Rule of Ethics (also known as Reglamento de Ética) is a regulation to implement Law 10 of April 26, 1994: "la ley para reglamentar el negocio de bienes raices y la profesión de corredor, vendedor y compañias de Bienes Raices en Puerto Rico."

  • Law 10 Amendment - Ley law 118 - September 26 (2005)
  • Law 10 Amendment - Ley law 93 - May 16 (2006)

Regulations of 1997[edit]

The four (4) dalet regulations of April 3, 1997 established under the Roselló Administration:

  • NO 5568 - Reglamento de Cursos
  • NO 5569 - Reglamento de Procedimiento Adjudicativo
  • NO 5570 - Reglamento de Licencias
  • NO 5571 - Reglamento de Ética

Horizontal Law of 2003[edit]

the Horizontal Property Law (also known as Ley de Propiedad Horizontal or Ley de Condominios) was approved on April 5, 2003 under Law Ley 103 established on 4 July 2003.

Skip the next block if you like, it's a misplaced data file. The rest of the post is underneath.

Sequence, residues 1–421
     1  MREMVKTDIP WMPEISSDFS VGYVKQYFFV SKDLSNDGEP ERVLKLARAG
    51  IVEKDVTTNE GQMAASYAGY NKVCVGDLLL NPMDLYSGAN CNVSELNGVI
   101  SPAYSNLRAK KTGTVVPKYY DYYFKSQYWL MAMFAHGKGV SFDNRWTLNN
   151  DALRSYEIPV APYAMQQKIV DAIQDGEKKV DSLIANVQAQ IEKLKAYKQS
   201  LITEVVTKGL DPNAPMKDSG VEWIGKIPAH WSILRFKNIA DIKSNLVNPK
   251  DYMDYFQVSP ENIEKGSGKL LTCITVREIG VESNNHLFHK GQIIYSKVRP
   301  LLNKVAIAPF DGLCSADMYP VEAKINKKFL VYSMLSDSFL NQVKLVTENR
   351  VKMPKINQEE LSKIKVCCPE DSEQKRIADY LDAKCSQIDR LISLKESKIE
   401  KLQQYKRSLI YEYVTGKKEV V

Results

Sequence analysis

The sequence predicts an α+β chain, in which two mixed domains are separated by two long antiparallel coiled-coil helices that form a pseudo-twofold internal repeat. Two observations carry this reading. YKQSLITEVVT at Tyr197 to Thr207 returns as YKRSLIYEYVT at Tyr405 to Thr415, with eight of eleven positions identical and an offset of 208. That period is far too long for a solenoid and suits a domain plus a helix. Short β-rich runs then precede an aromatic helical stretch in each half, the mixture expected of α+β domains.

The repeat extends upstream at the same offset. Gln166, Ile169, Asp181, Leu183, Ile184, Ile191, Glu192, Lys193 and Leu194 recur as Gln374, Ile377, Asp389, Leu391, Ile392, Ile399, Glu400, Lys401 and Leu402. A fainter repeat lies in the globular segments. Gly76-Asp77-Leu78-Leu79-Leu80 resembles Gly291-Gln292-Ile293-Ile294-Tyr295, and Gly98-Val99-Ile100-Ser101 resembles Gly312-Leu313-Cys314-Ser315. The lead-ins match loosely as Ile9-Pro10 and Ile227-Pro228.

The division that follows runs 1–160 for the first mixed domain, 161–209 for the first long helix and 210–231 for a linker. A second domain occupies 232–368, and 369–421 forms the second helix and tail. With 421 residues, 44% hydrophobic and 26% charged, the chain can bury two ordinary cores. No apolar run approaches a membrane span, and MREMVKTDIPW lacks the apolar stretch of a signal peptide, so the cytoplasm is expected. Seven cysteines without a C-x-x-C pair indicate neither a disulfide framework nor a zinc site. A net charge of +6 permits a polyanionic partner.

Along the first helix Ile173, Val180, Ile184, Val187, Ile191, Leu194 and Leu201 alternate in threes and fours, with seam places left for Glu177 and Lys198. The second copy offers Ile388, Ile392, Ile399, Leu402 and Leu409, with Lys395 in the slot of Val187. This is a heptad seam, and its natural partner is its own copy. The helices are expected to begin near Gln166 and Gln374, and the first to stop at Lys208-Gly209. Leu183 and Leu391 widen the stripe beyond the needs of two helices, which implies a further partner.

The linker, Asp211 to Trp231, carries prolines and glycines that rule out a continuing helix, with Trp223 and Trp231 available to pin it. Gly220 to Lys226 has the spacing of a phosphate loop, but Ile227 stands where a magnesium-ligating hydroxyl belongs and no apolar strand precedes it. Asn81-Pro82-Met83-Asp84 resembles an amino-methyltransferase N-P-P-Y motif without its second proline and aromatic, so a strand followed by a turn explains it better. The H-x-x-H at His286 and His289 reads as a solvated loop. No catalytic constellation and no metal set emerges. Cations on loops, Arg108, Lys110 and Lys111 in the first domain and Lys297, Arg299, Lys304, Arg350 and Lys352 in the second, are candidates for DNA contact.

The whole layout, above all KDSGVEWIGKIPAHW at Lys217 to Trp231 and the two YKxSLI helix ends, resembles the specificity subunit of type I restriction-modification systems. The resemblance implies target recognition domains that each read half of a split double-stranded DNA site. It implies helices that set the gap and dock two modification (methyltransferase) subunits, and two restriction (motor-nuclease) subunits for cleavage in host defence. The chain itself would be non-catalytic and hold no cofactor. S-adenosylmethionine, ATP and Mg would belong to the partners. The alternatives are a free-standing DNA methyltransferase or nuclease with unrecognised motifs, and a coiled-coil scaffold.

1. Collective Constituents
    1. The Flight: the right to elevate (or blowup space)
    2. The Structure: the surrounding walls, roof top ceilings, passageway corridors, downward spiral staircases, underlying galleries and entry/departure channels of the foundation.
    3. The Locale: the central installations for utility overhauls including electricity, lightning, gas, cold and hot water, refrigeration, water reservoir (tanks, cisterns + pumps) and air conditioning artifacts for thermal comfort.
    4. The Elevator: the necessity to enjoy the living habitat of every single apartment.
    5. The Green Area: the natural resources required by the community in order to fulfill its joyful experience of existence.
    6. The 5th Element: cualquier otro elemento que fuere indispensable para el adecuado disfrute de los apartamientos en el inmueble.
  2. Communal Constituents
    1. Terra firma (earth grounds), basement cellar, open space field, rooftop deck, patio, terrace, courtyard and garden.
    2. Destination areas for the doorman in duty at the atrium, lobby or reception area of the building.
    3. Destination areas for perpendicular parking.
    4. Recreational areas which exceed the requirements of urban planning laws.